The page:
Dallara, IndyCar, Randy Bernard and Black Helicopters

It’s January 19th, one day after Honda and Chevrolet submitted their final designs for their spiffy 2015 aerokits; a glorious day for sure. But here we sit with no images or anything really too concrete regarding what we may be in store for once the green falls in St. Petersburg.

I’m totally OK with this.

My excitement for the 2015 season, the introduction of aerokits and the new look of the IndyCar schedule has me very excited about the coming season; more so than any season in recent memory.

When was the last time we had a true development war in IndyCar? Possibly ahead of the 2005 season when we saw Dallara and Panoz contesting the championship on the chassis side and Chevy, Toyota and Honda on the engine side. That wide ocean of development was pared down to only Dallara and Honda contesting the entire 2006 season; quite the change in only one year.

The situation was even more dire on the CART/Champ Car side following the 2002 season. Honda and Toyota had departed for the IRL and Reynard Motorsport was not saved from bankruptcy.

A handful of teams soldiered on with the undeveloped Reynard chassis for two more years before finally being mothballed in favor of the Lola. And like that, CART/Champ Car’s backbone became spec equipment.

Competitive open-wheel development has been at a standstill for more year’s than many of the highly coveted new fans have been watching. And that is a tough pill to swallow. Indycar racing, in one form or another, has been built upon development and we are on the brink of seeing the next iteration of that century old knife fight.

Needless to say, I am truly looking forward to what 2015 has to offer. But while reading the flurry of excellent development articles coming from various sources, I began to wonder exactly how the DW12 was designed.

The supposed word on the street regarding the initial Dallara aerokit was that it was designed solely as a show kit ahead of the 2012 season. The intention being that other manufacturers would come on board and autoclave some new clothes for the DW12 safety cell.

As we well know, that did not happen. With no kit manufacturers on board, IndyCar and Dallara were left scrambling to push the show kit into production with minimal wind tunnel or CFD development. I do not blame either party for this decision; why develop something that would only see service for a year?

Remember back to initial Indy testing of the shiny new Dallara kit. Speeds were down… way down… 215-ish top speed down. Dallara was emphatic their chassis hit all the items on the IndyCar checklist, and a Dallara manufacturing engineer here in Indianapolis planted the blame squarely on the overweight engines being supplied.

Of course, Chevy and Honda held the line and pushed blame to Dallara. I have always wondered if the current turd of an aerokit was more to blame than chassis design or engine weight. It’s much cheaper to fix an imbalance problem by changing a-arm geometry than developing a new aerokit.

But the teams, drivers and the series marched on and developed that sorry aerokit until it could turn blistering times at nearly every facility visited.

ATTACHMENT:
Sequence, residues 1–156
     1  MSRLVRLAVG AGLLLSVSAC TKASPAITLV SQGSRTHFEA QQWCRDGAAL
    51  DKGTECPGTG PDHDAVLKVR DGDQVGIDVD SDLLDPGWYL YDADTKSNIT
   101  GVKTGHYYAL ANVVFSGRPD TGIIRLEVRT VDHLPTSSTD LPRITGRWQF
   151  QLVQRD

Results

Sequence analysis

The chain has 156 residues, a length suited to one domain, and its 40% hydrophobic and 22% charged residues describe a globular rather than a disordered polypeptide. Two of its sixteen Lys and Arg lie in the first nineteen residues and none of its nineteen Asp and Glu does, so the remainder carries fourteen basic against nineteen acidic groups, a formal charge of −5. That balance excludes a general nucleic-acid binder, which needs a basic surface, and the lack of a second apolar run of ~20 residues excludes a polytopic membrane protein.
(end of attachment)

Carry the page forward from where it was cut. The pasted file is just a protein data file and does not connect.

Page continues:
Now enter 2015 manufacturer testing.

IndyCar and Dallara anticipated a huge increase of downforce from the new kits and proactively made downforce decreases to the existing under tray in testing as early as fall of 2014. And rightfully so, IndyCar and Dallara both knew how sloppy the existing kit was and how much potential there was to be found in the chassis.

Even with the new, less efficient floor, Honda and Chevy maxed out the suspension strength as early as October of 2014; a concerning mark to hit so soon in development. The response? IndyCar axed even more downforce by making the tunnels and diffuser more inefficient. Not the way we want the chassis to be developed in concert with these new aerokits.

I wasn’t thrilled about the initial floor change, but the need is understandable as Dallara has clearly improved the base design slowly over the past three years. But this second round of technical de-evolution is concerning.

What exactly was Dallara thinking when they OKed the suspension ahead of the 2012 season? Did they not ever expect downforce increases over the life of the chassis? Were there no actual plans to introduce manufacturer aerokits?

This malarky makes me believe that the idea of an “aerokit” was a red herring fed to us by Randy Bernard. Yet another big check written by the-starry-eyed-every-fans-best-friend that IndyCar and Dallara would be unable to cash once push came to shove.

Remember proud Randy standing in front of us with the amazing revelation to move downforce from the wings to the under tray? It did wonders for competition, but sent the wrong message regarding the evolution of the DW12.

Should I be concerned about nose to tail racing now that the downforce has moved from the floor to the wings? During the years leading up to the sweeping rules changes ahead of the 2009 Formula One season, we saw just how bad the racing can be when you continue to take away downforce from the floor and force teams to claw it back with the wings.

This is not how chassis and aero development is supposed to go. Chevy and Honda have gone above and beyond the call. They fight tooth and nail on the engine side by bringing updates as quickly as possible and utilizing the rules in an attempt to strangle the series. The inability of either to complete this task is proof positive that both manufacturers are leaving nothing on the engine development table.

The reports that both manufacturers have maxed out the stock DW12 suspension is even more credence to their commitment to winning in IndyCar. Honda and Chevy are clearly pushing the limits of what they can do within the rules and finding huge gains to complete the IndyCar choke hold.

I’ve long been a supporter of Dallara, but such poor planning and design cannot be overlooked. Neither can the memory of Randy Bernard constantly selling us on things he would ultimately fail to deliver.

Did Dallara deliver exactly what was asked within the monetary design constraints? Did Randy know he was selling a Ferrari on a Fiat budget? Did he assume there would never be aerokits, as witnessed by the DW12 design compromises, only to sell fans something he assumed would never be delivered?

I really believe the answer is ‘yes’ across the board. Randy was not a stupid man. He knew what the fans wanted and was able to sell us hope instead of giving us truth. I also believe Dallara delivered the promised chassis, but was not able to developed the flexibility needed to handle dynamic aerokits due to obvious time and budgetary concerns.